"No schools have backed away because of this," said Reggie Evans, one of Tyreke's four older brothers. "If anything, we've been given great support from all of the coaches at the schools we're interested in, making sure that Tyreke is all right. This whole situation has placed a lot of stress on our family, and we're all concerned for Tyreke's well-being. What we want is for this thing to go away."
The case will not hurt his chances of possibly winding up at Villanova, according to Reggie. Wildcats coach Jay Wright attended an American Christian home game on Dec. 13.
"We love Jay Wright," Reggie said. "Jay and his staff have been to most if not all of Tyreke's games, even after this thing occurred. I give coach Wright credit, because he knows Tyreke and this family. We're not ruling out Villanova, and we hope Villanova doesn't rule us out. But my biggest concern is that Tyreke doesn't get painted in a bad light, which has already happened in some people's eyes. That's messed up. It's what has me and my whole family angry right now."
The fatal shooting occurred at about 4:45 p.m. on Nov. 25 in Chester's Toby Farms section, according to a police affidavit. Tyreke Evans, Jamar Evans, Rasheen "Ra-Ra" Blackwell and Tyreke's American Christian teammate, Dwayne Davis, had watched the end of the Chicago-Denver NFL game at Tyreke's aunt's home when his mother called his cell to tell him some pies she had baked were ready.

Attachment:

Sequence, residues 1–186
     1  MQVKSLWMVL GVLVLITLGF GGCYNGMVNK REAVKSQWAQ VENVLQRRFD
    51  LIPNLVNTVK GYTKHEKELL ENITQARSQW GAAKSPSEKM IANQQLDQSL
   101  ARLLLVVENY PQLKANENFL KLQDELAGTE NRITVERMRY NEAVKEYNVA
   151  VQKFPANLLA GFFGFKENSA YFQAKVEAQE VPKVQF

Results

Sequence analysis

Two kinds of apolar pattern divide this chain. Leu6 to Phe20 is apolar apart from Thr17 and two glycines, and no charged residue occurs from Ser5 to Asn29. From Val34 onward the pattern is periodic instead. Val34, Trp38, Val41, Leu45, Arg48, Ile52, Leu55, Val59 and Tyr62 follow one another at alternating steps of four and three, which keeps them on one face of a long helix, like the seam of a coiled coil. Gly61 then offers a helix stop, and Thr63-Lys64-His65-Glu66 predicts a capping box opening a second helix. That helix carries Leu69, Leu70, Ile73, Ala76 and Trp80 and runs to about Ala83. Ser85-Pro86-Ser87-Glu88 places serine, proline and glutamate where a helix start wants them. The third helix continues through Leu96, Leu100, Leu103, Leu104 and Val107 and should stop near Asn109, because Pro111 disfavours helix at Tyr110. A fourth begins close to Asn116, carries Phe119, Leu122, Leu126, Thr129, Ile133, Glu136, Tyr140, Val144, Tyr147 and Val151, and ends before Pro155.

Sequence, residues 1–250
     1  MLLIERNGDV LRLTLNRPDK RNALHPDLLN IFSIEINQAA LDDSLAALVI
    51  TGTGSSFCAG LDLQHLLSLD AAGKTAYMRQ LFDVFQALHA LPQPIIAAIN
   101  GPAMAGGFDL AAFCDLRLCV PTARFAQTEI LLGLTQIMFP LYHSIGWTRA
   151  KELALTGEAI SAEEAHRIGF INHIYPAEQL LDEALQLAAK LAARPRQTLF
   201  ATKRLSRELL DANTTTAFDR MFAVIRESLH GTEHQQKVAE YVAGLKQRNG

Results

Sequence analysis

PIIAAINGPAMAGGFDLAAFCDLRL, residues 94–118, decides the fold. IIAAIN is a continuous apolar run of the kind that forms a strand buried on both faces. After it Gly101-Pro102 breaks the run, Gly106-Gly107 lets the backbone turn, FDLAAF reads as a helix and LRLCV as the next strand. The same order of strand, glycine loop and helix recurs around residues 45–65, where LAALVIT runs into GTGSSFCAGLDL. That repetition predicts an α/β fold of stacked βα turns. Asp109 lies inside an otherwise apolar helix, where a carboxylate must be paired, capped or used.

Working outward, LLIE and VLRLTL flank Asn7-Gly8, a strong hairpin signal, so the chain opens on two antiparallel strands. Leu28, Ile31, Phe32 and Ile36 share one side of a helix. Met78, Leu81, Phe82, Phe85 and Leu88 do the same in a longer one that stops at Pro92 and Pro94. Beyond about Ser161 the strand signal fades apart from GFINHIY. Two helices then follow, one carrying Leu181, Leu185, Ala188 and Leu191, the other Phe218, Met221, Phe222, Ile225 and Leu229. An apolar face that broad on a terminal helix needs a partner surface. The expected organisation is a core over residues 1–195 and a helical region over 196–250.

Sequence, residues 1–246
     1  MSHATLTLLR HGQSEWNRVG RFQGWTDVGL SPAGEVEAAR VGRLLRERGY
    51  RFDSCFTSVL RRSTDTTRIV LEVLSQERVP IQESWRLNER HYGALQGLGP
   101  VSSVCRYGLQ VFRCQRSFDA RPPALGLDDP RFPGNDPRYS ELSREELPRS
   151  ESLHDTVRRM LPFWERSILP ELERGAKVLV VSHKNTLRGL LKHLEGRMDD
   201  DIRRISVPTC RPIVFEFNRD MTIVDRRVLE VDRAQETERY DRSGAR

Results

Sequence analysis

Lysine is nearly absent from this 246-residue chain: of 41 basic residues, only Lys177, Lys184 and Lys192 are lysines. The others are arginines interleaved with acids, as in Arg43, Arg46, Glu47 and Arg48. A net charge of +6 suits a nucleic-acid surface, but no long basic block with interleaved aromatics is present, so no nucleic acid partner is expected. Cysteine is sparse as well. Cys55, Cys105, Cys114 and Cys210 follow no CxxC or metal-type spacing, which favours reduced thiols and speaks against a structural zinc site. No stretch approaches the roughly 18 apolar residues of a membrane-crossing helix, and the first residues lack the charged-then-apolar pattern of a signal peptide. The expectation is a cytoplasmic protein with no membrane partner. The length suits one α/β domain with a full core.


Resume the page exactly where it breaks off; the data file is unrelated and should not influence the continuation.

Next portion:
Tyreke Evans, according to the affidavit, got behind the wheel of a gold Ford Expedition with chrome rims and dark-tinted windows. Jamar Evans sat in the front passenger's seat, and Blackwell and Davis sat in back. They were heading to Tyreke Evans' mother's house, when Blackwell and Davis noticed someone with a gun coming from an alley, the affidavit said.
According to Tyreke Evans' account, Blackwell and Davis began yelling, "Go, he's about to shoot."
Tyreke almost drove into a fire hydrant to escape the shooting, family sources said.
"Davis and Blackwell said they saw [Reason] coming out of an alleyway with a handgun and yelled at Tyreke to get moving, because there was going to be shooting," Delaware County Detective Michael Palmer confirmed.